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February 2003 Vol. 29, No. 2   RSS Feed for Undercurrent Issues
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Travel Safety in the Age of Terrorism

Bali? The Red Sea? The Philippines?

from the February, 2003 issue of Undercurrent   Subscribe Now

A key element in terrorism is shock value. That's why the October nightclub bombing in Bali was so unnerving. Although we're now hearing that the CIA had been warning about an attack there for some time, as a primarily Hindu enclave, Bali has been far removed from trouble spots such as Jakarta and East Timor. One fanatical act changed all that in an instant.

Undercurrent's webmaster, Dave Eagleray, has been living in the Bali town of Ubud for two years and says as far as he's concerned "this place is still far safer than just about any place in the U.S." As one might expect, people in the dive travel industry echo the sentiment. Jenny Collister of Reef & Rainforest Travel says she is booking Indonesia dive trips "like mad." Her September 2003 departure has been sold out for a year, with a substantial wait list. "People are scrambling for spots on a 2004 trip to the Banda Sea," she adds. While Collister won't bother recommending destinations tagged unsafe to those who haven't been there, most of her well-traveled, well-educated clients know where they want to go and are not looking for advice. "Chances are they've been talking to others who have visited these destinations recently" and have made up their own minds about whether to go. As Ken Knezick, president of Island Dreams Tours & Travel, puts it: "The adventurous scuba traveler is knowledgeable and willing to accept a level of risk."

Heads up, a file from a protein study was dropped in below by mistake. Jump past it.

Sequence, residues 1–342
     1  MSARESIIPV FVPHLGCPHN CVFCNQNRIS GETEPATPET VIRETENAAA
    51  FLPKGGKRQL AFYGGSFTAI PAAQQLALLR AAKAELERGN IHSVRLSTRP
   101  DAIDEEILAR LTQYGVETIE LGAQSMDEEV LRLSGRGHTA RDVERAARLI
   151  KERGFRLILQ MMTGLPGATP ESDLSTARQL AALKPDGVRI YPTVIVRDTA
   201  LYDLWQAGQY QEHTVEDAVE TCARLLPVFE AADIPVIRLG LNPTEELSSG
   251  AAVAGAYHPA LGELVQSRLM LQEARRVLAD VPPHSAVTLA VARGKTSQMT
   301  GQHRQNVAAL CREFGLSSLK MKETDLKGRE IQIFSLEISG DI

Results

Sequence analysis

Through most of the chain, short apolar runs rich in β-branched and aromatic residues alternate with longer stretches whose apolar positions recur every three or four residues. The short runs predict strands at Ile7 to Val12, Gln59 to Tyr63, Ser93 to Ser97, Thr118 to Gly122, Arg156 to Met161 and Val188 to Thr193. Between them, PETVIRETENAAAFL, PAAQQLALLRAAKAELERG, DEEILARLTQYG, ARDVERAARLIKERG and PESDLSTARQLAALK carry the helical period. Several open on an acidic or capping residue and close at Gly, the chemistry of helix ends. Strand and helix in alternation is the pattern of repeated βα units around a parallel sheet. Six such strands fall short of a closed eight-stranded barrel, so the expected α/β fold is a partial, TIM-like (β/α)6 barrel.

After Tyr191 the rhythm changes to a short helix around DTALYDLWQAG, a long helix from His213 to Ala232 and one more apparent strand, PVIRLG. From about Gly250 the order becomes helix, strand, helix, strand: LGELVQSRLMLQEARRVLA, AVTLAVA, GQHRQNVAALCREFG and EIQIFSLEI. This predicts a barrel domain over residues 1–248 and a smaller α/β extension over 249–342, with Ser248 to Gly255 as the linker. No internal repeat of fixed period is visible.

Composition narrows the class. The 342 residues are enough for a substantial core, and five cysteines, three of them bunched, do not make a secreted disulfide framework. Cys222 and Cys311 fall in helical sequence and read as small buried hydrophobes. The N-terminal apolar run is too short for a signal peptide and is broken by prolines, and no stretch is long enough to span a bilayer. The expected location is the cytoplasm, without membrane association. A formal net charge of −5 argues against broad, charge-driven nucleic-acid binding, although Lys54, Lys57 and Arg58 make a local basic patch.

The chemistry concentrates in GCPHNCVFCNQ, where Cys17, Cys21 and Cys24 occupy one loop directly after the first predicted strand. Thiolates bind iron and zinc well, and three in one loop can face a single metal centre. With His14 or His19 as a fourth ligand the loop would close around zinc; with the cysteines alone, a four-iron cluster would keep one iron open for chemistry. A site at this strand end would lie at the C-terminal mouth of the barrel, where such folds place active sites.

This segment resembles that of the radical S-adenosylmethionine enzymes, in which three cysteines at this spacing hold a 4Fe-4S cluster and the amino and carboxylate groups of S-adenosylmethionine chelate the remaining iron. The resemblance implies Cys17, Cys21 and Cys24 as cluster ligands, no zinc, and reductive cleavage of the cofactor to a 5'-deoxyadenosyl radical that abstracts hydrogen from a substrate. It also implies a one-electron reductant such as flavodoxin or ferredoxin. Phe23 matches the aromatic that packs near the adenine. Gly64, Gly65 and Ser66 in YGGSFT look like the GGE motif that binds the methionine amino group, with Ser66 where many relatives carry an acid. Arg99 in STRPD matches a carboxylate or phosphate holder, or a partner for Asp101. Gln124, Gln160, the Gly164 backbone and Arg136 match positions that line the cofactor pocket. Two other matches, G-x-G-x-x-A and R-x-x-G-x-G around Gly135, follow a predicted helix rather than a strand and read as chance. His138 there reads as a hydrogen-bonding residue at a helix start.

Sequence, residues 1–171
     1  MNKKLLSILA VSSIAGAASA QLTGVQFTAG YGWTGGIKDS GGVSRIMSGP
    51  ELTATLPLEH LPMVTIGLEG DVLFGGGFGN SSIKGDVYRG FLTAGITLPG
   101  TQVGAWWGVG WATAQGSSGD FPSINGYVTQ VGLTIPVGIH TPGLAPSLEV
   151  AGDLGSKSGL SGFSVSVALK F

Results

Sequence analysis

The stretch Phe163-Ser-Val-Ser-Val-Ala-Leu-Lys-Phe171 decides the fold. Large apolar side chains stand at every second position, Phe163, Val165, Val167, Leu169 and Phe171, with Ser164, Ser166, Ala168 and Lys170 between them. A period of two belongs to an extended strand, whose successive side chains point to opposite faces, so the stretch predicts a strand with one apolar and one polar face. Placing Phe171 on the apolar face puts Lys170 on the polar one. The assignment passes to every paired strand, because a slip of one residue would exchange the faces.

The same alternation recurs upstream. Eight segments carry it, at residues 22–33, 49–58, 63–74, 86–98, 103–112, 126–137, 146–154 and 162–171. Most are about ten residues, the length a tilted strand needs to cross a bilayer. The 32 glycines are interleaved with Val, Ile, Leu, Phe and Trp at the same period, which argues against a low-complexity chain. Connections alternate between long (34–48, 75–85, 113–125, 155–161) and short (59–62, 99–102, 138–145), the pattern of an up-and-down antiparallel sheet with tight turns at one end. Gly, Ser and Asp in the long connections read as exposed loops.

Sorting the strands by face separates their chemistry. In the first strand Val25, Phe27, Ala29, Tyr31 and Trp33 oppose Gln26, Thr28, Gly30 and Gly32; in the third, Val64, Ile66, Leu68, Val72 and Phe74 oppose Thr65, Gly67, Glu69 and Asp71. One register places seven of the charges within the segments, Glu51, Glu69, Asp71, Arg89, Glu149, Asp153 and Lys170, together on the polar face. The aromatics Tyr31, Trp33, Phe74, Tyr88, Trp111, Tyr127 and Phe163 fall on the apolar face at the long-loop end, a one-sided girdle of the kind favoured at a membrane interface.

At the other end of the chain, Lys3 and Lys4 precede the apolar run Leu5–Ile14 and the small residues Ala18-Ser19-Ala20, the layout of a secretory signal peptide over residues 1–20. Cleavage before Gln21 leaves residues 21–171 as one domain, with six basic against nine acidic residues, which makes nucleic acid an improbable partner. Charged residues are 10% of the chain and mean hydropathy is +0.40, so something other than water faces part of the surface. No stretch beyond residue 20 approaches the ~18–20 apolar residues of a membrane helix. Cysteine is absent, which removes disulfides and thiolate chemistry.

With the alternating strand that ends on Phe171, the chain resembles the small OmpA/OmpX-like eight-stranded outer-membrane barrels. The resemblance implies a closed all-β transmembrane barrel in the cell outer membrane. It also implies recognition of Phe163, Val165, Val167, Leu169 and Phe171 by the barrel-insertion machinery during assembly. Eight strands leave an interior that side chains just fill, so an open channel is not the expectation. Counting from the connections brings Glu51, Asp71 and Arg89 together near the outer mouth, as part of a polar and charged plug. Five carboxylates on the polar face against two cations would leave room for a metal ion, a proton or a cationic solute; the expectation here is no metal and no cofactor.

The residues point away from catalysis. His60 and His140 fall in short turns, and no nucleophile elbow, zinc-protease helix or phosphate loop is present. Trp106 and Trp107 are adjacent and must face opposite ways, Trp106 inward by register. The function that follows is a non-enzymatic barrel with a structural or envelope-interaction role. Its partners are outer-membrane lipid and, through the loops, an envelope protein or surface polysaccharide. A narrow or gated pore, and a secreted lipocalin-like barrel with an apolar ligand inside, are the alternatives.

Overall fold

Indonesia Security

For Peter Hughes Diving, which operates the Komodo Dancer, it's business as usual. Sales and Marketing Vice President Sue Hamilton told Undercurrent that right after the bombing, they allowed Dancer passengers to rebook on later departures or on other Peter Hughes vessels. That's a policy she says they follow any time a State Department security advisory is issued on a destination Peter Hughes serves. Guido Brink, a partner in the Hughes' Bali-based Komodo Dancer, says they now escort passengers between the airport, hotel, and the vessel. The crew has been instructed to let no strangers on board, either at the dock or at sea. "No more nonessential people on the docks. Tighter security at all gates. Patrol boats are manned by police and park rangers in the Komodo National Park who execute routine checks on any boat coming into the park."